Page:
Extensions That Google No Longer Needs

Colin Baseman

Reports inform that the main search engine has finally removed 49 extensions. The reason for their decision was the fact that they steal crypto data. All of the extensions bothered Chrome’s users who spotted their activity.

Harry Denley who is responsible for security at MyCrypto, explained the way he finally detached the extensions for the browser’s store. It took him less than a day since he addressed PhishFort, the firm that assisted him. The company specializes in removing fishing extensions.

The fishing extensions that Google got rid of consisted of those that had a certain typee of hardware and software wallet users as their main target. Mostly those extensions targeted Wallets created by Ledger. However, wallets by KeepKey and Trezor were also of great interest. There were plenty of people using Electrum, Exodus, Metamask, MyEtherWallet, and Jaxx who suffered from the activities coming from the extensions.

The extensions served as a tool to make the owners to insert the credentials required users to enter the wallet. Those included private keys as well as mnemonic phrases. Sometimes they used keystore files that hackers received. The criminals had all they needed to steal the funds and rob people’s wallets. Extensions that hackers use may look quite respectable and trustworthy and this is how most users trust the sources, get on their hooks, and then lose their assets.

Some of the extensions had excellent ratings and many boasted five stars, although the evaluations that Chrome extensions displayed were fake. What the reviews illustrated was, on the other, quite the opposite – there were hardly any informative details or descriptions. The products were neither legit nor helpful. One of them used the same review many times yet the authors were different. The hacker placed a brief intro to BTC and described why the extension was the best alternative ever. The problem was that the thief did not realize that the extension never supported Bitcoin.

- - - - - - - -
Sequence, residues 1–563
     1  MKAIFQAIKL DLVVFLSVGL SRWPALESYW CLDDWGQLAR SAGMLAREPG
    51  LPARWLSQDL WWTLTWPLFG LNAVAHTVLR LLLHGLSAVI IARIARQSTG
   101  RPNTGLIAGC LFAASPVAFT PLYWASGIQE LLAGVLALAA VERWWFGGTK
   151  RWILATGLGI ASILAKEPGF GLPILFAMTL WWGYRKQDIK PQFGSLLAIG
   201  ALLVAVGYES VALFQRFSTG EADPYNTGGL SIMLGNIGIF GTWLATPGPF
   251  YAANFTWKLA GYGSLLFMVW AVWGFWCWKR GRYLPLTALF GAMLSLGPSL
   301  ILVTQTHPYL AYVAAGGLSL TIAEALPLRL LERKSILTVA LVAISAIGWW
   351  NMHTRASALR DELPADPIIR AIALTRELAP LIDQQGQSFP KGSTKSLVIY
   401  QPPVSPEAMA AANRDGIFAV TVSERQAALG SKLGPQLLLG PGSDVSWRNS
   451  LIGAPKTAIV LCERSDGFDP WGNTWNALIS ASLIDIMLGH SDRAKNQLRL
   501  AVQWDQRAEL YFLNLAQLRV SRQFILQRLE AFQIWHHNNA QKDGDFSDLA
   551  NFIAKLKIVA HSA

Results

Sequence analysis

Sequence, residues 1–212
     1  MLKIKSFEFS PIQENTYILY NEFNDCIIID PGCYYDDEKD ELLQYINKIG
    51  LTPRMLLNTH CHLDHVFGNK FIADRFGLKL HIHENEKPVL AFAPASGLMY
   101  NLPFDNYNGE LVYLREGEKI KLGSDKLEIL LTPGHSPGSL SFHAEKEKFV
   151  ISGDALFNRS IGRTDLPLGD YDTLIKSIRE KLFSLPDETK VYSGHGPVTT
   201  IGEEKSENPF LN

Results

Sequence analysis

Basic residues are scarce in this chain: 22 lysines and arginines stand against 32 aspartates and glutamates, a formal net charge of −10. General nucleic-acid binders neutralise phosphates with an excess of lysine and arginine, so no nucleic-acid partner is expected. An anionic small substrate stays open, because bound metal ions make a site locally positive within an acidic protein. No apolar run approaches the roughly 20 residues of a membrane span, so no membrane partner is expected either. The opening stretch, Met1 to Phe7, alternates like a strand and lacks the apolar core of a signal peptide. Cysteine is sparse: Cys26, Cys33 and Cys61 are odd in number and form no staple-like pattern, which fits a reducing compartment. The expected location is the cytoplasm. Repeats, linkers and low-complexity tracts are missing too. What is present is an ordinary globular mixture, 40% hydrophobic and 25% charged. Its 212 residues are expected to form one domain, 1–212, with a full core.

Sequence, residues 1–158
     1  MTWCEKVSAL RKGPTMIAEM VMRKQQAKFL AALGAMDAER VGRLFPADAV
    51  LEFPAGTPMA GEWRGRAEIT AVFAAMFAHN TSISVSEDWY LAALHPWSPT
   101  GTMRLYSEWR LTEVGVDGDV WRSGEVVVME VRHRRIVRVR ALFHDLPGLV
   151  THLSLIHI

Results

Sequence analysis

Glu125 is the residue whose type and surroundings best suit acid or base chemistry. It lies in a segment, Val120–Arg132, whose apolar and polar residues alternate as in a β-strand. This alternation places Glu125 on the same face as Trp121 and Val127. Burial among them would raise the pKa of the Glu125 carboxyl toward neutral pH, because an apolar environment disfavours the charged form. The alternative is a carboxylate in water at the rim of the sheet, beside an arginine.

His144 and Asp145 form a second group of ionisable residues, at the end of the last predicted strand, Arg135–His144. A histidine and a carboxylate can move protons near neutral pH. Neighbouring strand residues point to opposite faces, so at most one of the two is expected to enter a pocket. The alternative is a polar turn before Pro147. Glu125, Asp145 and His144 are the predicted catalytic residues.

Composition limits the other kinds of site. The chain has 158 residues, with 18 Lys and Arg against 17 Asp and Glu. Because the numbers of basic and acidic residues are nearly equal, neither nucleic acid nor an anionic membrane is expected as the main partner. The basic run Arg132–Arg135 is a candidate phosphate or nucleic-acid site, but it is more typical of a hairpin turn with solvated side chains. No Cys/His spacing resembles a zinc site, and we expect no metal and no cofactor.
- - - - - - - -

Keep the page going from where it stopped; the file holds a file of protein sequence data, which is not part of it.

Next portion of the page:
Most Extensions Belonged to One Hacker

The investigation revealed several uncovered servers that most of the extensions ran on. However, the fingerprints proved to belong to one person. It is now clear that the oldest domain was linked to several other control servers. Denley is sure that the majority of the extensions were controlled and supervised by the same criminal.

Phishing campaigns used rather old, but their registration date was in 2020. Publications of the extensions were available on the browser’s store in March and April.

Old Tricks Still in Use

History repeats itself and the story has happened many times before. The community has faced plenty of such cases where malicious extensions steal crypto from people. There are lots of crypto wallet owners who easily become hackers’ victims. People who get into trouble are of different ages and education. It is especially important for beginners and new users to be cautious and attentive while using various extensions and refrain from entering personal data if they do not know what kind of source requests come from.

This sort of crime is a common practice on the net. Users reports that official extensions can sometimes contain malware. It is possible to restore extensions, but the community has to contact the browser and ask for help as soon as possible. To solve the issue may take mere minutes and it is not that complicated. There are special programs and specialists who can assist. The main point is to do identify the criminals who are trying to steal users’ funds and prevent them from further activity on the Internet.